Hank’s most formidable coaching challenge, though, would be solving the riddle of Tiger’s personality. Wary of the emotional distractions that might diminish his game and put him further from his goals, Tiger had developed a variety of tactics to keep people from getting too close, and not even Hank—or Tiger’s family and friends, for that matter—was spared “the treatment.”
 
Toward the end of Tiger and Hank’s time together, the champion’s laser-like focus began to blur and he became less willing to put in punishing hours practicing—a disappointment to Hank, who saw in Tiger’s behavior signs that his pupil had developed a conflicted relationship with the game. Hints that Tiger hungered to reinvent himself were present in his bizarre infatuation with elite military training, and—in a development Hankdidn’t see coming—in the scandal that would make headlines in late 2009. It all added up to a big miss that Hank, try as he might, couldn’t save Tiger from.
 
There’s never been a book about Tiger Woods that is as intimate and revealing—or one so wise about what it takes to coach a superstar athlete.

Product Details
Paperback (272 pages)
Published: March 12, 2013
Publisher: Crown Publishing Group
Imprint: Three Rivers Press
ISBN: 9780307986009
Other books byHank Haney
  • Hank Haney's Essentials of the Swing

    Hank Haney's Essentials of the Swing
    A 7-Point Plan for Building a Better Swing and...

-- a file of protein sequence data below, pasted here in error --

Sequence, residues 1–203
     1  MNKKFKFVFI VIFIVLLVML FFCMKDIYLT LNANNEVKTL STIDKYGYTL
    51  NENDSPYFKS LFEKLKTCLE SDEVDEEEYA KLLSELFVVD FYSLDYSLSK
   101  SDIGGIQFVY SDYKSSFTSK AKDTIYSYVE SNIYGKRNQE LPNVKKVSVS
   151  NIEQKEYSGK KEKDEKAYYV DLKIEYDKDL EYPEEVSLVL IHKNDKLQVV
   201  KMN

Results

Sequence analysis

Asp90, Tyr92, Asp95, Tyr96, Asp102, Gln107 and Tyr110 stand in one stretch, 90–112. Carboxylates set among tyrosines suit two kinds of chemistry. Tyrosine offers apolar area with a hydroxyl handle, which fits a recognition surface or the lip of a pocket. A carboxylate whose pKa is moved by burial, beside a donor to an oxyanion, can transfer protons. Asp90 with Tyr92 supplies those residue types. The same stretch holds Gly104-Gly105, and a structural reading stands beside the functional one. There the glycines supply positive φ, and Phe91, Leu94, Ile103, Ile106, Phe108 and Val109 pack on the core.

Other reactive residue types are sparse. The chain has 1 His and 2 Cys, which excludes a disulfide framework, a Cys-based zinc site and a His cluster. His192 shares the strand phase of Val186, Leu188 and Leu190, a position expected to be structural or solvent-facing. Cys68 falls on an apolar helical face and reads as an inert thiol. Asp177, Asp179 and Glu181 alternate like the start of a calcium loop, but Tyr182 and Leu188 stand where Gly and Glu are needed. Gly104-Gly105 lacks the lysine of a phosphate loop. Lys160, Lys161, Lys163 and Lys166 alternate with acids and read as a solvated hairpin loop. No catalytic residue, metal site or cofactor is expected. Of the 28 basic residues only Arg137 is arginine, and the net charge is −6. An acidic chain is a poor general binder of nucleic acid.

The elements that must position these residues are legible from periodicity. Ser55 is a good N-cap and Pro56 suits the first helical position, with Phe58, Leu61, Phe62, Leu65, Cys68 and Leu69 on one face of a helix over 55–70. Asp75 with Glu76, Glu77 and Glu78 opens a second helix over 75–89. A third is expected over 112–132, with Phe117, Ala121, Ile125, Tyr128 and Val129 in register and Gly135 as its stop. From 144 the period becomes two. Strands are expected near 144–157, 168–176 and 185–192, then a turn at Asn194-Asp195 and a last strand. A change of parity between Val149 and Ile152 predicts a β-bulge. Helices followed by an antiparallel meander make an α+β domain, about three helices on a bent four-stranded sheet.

"Hank knows more about ball flight and what controls it than anyone in the game." —Masters and British Open champion Mark O'Meara Get back to basics and build your best possible golf swing Lots of golf instructors can show you tricks to correct a hook or to stop hitting the ball fat, but these are just quick fixes that leave you with a swing built on mistakes. In Hank Haney's Essentials of the Swing, the world's premier expert on the golf swing takes you back to step one to master the essentials and build a complete, powerful, and consistent swing that will improve your game quickly and keep you playing better for years to come. This step-by-step guide brings you the same careful analytical approach that Hank has shared with the hundreds of touring pros who have been his students — including the world's #1 golfer. It walks you through every aspect of your swing, from grip to contact to follow-through, and shows you how to analyze ball flight to shape your shots and put the ball where you want it more frequently and with much more consistency. Packed with helpful pictures, invaluable practice tips, and insightful pointers on everything from club selection to the difference between a good miss and a bad miss, Hank Haney's Essentials of the Swing is the resource you need to hit the top of your game and stay there.